Monday 18 April 2016

Doctor Who and the Ark in Space, by Ian Marter (BBC/Audible) | review

The fourth Doctor, only recently regenerated and accompanied by journalist Sarah Jane Smith and U.N.I.T. medic Harry Sullivan, lands the Tardis on the Nerva Beacon. It seems to be abandoned, but further investigation reveals slimy trails, as if of a giant slug, and then freeze-dried humans, packed away in storage for thousands of years to survive a stellar disaster. The first humans to wake up suspect the Tardis crew of sabotage, a fatal distraction from their true, hidden enemies: the Wirrn, a race of giant locust-like insects with a grudge against humanity, and a gruesome purpose for these survivors. “The Ark in Space” was originally a television story, and this is the Audible version of the Target novelisation from the eighties, written by the actor who played Harry Sullivan. He wasn’t in the Tardis long, sadly, having been cast as the Chestertonian man of action, an entirely redundant position after Tom Baker took the role of the Doctor. It is read by Dead Ringers star Jon Culshaw, who first became famous for his wonderful telephone impersonations of Tom Baker’s Doctor. That ability makes him perfect for this audiobook, though ironically this comes from a time when the fourth Doctor wasn’t particularly funny – for much of this story he’s indistinguishable from his previous, rather serious, incarnation. He narrates in his own reading voice, and keeps the tension high. For a children’s book it is surprisingly gory, with talk of suppurating stumps and smouldering bodies welded to panelling after being repeatedly shot, and in the audio version there’s no bubble wrap to break the spell. Sarah Jane’s long, arduous and essential crawl through a narrow duct is as stressful as ever, no matter how many times we’ve already seen her succeed. The fate of one human infected by the Wirrn bears repetition in full: “with a crack, like a gigantic seedpod bursting, his whole head split open. A fountain of green froth erupted and came sizzling down the radiation suit…” There’s a reason these were my favourites as a child: other books were, quite literally, bloodless in comparison. Stephen Theaker ***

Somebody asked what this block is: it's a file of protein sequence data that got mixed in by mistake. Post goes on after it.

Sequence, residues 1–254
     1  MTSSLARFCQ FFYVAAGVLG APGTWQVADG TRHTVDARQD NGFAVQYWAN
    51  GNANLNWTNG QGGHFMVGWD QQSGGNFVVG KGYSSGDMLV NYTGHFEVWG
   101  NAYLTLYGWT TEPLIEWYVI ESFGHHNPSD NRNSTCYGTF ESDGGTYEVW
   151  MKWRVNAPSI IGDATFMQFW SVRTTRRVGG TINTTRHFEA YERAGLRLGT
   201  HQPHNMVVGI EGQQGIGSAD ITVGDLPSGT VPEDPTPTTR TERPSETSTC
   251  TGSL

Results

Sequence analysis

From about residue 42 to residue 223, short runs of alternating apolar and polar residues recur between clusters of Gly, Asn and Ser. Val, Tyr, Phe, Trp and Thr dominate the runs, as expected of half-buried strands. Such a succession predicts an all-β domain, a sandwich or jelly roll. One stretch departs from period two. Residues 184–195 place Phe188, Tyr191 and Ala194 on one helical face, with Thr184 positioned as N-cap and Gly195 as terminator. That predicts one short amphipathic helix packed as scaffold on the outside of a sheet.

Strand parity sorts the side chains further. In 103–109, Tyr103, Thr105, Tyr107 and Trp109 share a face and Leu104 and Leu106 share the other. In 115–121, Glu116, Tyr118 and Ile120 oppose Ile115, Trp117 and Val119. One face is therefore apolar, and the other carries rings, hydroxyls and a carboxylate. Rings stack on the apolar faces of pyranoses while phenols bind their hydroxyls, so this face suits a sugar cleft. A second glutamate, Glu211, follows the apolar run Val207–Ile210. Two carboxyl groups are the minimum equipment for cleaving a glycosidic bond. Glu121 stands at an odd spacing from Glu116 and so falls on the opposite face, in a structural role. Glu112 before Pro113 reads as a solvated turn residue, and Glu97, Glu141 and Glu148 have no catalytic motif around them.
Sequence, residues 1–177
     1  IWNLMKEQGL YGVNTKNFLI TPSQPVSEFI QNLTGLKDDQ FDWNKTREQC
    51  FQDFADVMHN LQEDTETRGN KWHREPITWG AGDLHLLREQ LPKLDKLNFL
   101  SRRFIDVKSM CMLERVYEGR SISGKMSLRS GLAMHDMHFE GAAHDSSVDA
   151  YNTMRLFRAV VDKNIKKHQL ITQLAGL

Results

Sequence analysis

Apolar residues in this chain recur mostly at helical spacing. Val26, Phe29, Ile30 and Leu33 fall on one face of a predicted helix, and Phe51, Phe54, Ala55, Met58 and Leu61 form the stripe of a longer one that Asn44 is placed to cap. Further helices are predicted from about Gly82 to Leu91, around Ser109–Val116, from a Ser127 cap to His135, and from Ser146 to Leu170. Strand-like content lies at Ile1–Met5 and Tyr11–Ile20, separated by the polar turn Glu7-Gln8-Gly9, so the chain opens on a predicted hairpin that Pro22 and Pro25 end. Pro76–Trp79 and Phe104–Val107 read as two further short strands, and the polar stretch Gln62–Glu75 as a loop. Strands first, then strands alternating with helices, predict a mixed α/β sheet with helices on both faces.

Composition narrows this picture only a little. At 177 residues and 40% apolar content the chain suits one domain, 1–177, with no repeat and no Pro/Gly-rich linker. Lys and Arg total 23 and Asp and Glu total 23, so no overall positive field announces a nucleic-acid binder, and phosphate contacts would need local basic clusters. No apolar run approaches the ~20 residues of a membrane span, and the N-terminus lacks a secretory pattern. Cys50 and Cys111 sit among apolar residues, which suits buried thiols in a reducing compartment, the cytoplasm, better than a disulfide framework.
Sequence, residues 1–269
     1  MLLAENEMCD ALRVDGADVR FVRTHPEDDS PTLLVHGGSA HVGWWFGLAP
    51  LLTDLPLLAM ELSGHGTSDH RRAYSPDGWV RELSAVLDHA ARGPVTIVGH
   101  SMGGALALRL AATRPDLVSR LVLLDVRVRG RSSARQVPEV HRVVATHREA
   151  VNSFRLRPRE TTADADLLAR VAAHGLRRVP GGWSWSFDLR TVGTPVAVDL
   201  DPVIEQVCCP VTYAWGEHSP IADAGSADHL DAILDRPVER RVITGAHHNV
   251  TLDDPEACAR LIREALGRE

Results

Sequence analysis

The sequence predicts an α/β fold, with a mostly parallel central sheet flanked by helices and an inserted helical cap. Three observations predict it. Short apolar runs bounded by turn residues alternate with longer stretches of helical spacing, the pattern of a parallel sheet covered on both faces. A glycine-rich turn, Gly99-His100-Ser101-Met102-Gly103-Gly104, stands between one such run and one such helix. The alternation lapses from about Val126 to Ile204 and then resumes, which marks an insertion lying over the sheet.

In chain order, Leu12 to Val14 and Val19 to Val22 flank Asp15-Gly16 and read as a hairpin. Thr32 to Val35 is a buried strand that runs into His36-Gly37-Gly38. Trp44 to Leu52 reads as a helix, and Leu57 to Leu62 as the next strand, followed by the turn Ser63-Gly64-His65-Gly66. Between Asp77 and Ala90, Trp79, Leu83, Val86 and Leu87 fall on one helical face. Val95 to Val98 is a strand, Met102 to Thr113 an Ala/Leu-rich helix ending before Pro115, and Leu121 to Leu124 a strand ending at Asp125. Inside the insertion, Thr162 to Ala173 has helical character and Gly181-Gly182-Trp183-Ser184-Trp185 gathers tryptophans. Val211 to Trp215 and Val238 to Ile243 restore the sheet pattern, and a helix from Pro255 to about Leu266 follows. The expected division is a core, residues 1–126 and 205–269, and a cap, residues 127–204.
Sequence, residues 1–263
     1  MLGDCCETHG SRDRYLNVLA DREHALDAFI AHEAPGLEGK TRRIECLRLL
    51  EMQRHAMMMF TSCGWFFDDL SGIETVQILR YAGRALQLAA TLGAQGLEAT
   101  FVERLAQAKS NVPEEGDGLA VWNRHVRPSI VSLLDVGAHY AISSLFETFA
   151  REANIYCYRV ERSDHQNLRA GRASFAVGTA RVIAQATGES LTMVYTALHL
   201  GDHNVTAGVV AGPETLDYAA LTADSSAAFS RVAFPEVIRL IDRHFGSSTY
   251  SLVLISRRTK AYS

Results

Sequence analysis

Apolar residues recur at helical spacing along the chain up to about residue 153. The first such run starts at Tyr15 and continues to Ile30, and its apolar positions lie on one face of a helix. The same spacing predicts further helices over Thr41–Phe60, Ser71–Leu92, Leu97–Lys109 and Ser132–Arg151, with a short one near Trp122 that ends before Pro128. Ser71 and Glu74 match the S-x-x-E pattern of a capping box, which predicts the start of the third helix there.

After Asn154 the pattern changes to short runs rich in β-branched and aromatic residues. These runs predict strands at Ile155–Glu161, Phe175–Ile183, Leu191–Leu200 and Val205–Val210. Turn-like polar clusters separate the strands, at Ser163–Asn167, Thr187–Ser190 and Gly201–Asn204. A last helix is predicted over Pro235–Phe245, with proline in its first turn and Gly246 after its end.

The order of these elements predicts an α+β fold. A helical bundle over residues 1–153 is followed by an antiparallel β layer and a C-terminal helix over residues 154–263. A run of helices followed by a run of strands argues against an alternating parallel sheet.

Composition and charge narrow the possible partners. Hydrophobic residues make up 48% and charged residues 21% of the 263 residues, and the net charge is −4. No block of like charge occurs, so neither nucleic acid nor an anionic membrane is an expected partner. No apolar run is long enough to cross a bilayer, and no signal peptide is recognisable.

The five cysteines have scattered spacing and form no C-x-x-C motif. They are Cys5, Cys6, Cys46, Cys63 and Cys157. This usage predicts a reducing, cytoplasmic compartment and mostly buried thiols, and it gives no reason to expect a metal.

Friday 15 April 2016

Doctor Who Comic #7, by Robbie Morrison, Brian Williamson and chums (Titan Comics) | review